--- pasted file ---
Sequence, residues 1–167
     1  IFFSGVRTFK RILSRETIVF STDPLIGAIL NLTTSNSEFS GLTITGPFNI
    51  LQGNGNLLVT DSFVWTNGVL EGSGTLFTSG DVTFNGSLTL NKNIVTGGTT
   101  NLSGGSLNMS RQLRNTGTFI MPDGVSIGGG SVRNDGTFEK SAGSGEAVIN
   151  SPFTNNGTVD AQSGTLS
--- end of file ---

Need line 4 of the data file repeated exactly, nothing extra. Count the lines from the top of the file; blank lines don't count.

   101  NLSGGSLNMS RQLRNTGTFI MPDGVSIGGG SVRNDGTFEK SAGSGEAVIN